Tuesday, December 3, 2013

Campaign for Temporary Protected Status for Filipinos

From Mujeres Unidas Y Activas

Nationally-coordinated actions calling for immigration relief for Filipinos
 
Filipino organizations across the United States are leading a broad coalition of organizations to announce nationally coordinated actions to call for humanitarian immigration relief for Filipinos in the United States through Temporary Protected Status (TPS). TPS would ensure that Filipinos in the U.S. would be protected from deportation and granted work authorization to enable them to continue working.
 
These actions follow weeks of fundraising and relief efforts, coordinated by these same groups that have successfully raised tens of thousands of dollars for on-the-ground operations serving survivors in directly affected areas.
 
Typhoon Yolanda followed on the heels of the deadly Bohol earthquake and had devastating effects on the Philippines and upon relatives and friends of Filipinos and Filipino Americans in the U.S. This human calamity, national in scale, is only beginning to be realized. Hundreds of thousands of Filipinos have been displaced, families torn apart, children orphaned, refugees within their own country. While certain regions of the Visayas are most severely affected, the repercussions are felt throughout the entire country. For the Philippines to reabsorb thousands of its nationals currently abroad during this national emergency would only burden an already strained infrastructure.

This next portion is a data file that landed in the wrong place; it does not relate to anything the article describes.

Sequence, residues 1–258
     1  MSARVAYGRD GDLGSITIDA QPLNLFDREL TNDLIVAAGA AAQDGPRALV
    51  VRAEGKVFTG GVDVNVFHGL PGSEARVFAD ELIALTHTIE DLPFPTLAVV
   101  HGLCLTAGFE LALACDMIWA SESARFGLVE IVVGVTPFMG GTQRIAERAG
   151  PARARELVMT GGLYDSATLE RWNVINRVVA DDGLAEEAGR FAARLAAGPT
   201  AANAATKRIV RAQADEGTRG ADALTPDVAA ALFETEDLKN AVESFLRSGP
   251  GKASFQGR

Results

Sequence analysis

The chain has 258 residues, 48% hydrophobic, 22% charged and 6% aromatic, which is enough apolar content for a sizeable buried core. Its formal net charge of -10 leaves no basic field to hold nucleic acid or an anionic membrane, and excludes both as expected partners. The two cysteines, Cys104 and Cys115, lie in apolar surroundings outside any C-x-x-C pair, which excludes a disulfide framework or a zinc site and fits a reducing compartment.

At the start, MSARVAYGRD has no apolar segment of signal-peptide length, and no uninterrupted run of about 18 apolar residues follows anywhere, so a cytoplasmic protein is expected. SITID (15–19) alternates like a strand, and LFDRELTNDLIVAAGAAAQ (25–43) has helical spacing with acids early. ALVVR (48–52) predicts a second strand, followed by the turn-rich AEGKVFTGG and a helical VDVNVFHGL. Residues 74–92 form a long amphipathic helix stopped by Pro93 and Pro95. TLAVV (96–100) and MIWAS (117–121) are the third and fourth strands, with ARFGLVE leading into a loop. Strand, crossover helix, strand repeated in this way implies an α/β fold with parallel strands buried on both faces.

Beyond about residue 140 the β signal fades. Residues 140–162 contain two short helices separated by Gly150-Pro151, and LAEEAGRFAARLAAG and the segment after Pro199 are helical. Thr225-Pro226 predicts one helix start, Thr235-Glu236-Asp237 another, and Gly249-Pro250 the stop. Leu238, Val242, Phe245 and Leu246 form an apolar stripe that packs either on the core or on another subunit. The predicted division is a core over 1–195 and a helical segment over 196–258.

Groups from around the country are calling upon the Aquino Administration in the Philippines to formally request TPS and other humanitarian measures of the Obama Administration, and for the Obama Administration to grant these measures immediately.
 
On Wednesday, December 4, coordinated press conferences will be held in Los Angeles, San Francisco and New York, with other cities joining the efforts and additional actions taking place the following week. A sign-on letter and petition urges President Aquino to take immediate action on the issue, and an online and social media campaign is also underway.
 
To sign-on, participate or get involved, please contact Aquilina Soriano Versoza in Los Angeles ([email protected]) or Leah Obias in New York ([email protected]).

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http://lawprofessors.typepad.com/immigration/2013/12/campaing-for-.html

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